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Kyrgyzstan Opposition Routed at Polls; Process Faulted

By Peter Finn
Washington Post Foreign Service
Tuesday, March 15, 2005; Page A17

MOSCOW, March 14 -- Pro-government candidates swept parliamentary elections Sunday in the Central Asian republic of Kyrgyzstan, according to official returns released Monday. The opposition, which had viewed the vote as a test of its strength in advance of the presidential election this fall, was left with only six seats in the 75-member chamber.

The Organization for Security and Cooperation in Europe, which monitored two rounds of voting, including 41 runoffs Sunday, said there were "significant shortcomings" in the electoral process.

"Some areas of concern remained unchanged from the first round, including lack of effective voter access to diverse sources of information, bias in the media, continued de-registration of candidates on minor grounds, and inaccurate and poorly maintained voter lists," said Lubomir Kopaj, head of the OSCE observers mission. "On the positive side, the right to assembly was more fully respected in the period between the two rounds of elections."

The OSCE also said its monitors observed vote-buying, received multiple allegations of voters being transported to more than one polling station and were unable to observe all aspects of the counting process.

Sulaiman Imanbayev, head of the Kyrgyz Central Elections Commission, said the results were valid and "no serious violations influencing the ballots or the vote count were registered."

Races in four districts have yet to be decided. In two of them a majority of voters rejected all candidates, a choice open to them. Although not all the winning candidates are formally members of pro-government parties, foreign observers said that apparent independents, often rich businessmen, were allied with the government.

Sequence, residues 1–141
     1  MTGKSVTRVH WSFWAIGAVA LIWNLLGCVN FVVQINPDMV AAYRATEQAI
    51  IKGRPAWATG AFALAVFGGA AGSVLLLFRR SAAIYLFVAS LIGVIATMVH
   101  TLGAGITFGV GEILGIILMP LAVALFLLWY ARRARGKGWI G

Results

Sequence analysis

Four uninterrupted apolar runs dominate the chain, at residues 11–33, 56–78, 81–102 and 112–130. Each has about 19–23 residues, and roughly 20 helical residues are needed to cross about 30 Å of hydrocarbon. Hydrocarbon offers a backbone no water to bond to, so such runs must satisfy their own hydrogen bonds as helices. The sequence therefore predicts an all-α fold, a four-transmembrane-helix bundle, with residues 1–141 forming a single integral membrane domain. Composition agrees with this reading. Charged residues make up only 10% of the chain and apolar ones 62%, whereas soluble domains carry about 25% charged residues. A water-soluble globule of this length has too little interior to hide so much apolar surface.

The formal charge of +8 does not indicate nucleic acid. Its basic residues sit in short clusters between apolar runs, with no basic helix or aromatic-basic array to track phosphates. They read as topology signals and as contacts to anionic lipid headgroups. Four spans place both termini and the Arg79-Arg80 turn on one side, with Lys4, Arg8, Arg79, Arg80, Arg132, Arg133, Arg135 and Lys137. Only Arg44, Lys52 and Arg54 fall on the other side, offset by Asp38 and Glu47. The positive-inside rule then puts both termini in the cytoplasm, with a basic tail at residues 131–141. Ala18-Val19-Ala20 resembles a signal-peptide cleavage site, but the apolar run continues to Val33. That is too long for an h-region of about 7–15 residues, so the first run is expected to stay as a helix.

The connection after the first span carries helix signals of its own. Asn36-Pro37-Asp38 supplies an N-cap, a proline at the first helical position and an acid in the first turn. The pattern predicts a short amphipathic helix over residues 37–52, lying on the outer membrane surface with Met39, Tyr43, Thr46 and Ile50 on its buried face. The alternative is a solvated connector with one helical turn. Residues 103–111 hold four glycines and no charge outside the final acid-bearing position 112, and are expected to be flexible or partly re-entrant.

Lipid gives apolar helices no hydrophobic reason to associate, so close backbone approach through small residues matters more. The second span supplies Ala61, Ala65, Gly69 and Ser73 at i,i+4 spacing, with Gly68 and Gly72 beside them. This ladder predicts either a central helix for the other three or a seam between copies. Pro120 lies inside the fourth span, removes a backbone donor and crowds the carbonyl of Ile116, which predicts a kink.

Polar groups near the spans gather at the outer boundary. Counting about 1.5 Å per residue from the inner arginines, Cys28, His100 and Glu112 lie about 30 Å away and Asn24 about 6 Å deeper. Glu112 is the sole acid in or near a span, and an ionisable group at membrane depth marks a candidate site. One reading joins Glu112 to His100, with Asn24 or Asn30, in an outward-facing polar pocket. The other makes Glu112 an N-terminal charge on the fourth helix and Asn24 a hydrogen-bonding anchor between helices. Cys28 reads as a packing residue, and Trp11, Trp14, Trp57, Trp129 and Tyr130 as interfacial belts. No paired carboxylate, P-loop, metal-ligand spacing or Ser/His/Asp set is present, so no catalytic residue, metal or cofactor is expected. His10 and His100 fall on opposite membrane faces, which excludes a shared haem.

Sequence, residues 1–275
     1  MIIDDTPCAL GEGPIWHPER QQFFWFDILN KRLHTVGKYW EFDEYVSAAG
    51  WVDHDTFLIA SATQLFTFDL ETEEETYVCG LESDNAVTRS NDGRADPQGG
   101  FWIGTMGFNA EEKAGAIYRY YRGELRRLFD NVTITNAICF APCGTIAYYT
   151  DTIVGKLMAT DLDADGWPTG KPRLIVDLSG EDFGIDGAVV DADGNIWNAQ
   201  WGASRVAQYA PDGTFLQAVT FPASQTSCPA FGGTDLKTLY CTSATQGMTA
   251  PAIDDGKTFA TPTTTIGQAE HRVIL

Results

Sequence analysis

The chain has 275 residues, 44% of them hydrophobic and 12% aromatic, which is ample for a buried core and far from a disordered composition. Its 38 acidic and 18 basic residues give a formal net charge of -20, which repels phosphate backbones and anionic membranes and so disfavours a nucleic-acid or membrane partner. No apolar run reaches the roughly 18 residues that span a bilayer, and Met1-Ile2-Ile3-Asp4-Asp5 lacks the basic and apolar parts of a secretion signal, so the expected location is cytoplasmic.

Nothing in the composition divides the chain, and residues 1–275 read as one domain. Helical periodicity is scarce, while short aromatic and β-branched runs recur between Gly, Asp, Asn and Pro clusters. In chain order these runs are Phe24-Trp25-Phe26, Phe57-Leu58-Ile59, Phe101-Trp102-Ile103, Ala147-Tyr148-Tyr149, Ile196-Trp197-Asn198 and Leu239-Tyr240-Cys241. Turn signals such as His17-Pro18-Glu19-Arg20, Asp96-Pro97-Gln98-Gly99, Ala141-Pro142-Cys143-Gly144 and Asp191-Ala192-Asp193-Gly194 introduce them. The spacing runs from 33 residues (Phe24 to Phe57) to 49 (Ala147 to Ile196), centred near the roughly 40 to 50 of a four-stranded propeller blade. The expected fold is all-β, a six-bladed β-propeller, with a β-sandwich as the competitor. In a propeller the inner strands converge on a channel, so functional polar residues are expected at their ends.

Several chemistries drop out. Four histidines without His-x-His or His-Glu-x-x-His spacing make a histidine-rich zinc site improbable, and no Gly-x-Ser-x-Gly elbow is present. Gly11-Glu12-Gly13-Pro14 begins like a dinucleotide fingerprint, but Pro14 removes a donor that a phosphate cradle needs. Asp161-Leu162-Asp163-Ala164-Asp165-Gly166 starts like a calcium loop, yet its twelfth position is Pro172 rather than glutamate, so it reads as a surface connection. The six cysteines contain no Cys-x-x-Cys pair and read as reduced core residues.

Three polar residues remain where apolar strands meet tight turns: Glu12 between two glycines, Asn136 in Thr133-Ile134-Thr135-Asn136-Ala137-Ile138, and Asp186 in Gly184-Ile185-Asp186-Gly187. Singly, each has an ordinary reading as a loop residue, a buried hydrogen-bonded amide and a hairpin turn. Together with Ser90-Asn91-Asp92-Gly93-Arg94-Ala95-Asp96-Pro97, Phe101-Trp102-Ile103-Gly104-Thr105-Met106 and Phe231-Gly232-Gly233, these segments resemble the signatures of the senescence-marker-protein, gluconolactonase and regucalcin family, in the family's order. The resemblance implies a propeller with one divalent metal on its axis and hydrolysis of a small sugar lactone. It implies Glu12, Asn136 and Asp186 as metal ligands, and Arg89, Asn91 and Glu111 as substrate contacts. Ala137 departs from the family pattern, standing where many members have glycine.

A mountainous republic, Kyrgyzstan borders several authoritarian post-Soviet republics, as well as China. Opposition figures charge that President Askar Akayev, who has ruled the country since 1990, shortly before the Soviet Union collapsed in 1991, will now use an overwhelming majority in parliament to amend the constitutional provision preventing him from running again.

Akayev has repeatedly denied that he wants another term. Under another scenario, the constitution would be amended to shift key presidential powers to parliament, where a number of important loyalists and relatives of the president will sit.

Akayev's daughter, Bermet Akayeva, won a second-round runoff Sunday with 53.64 percent of the vote in a district in the capital, Bishkek. Her brother, Aider, won a seat in the first round of elections two weeks ago in his father's home constituency.

Opposition leader Kurmanbek Bakiyev, who has said he plans to run for president in the election scheduled for October, lost by 20 percentage points in his district, according to official returns.

Members of his party called on the public to refuse to recognize the vote.


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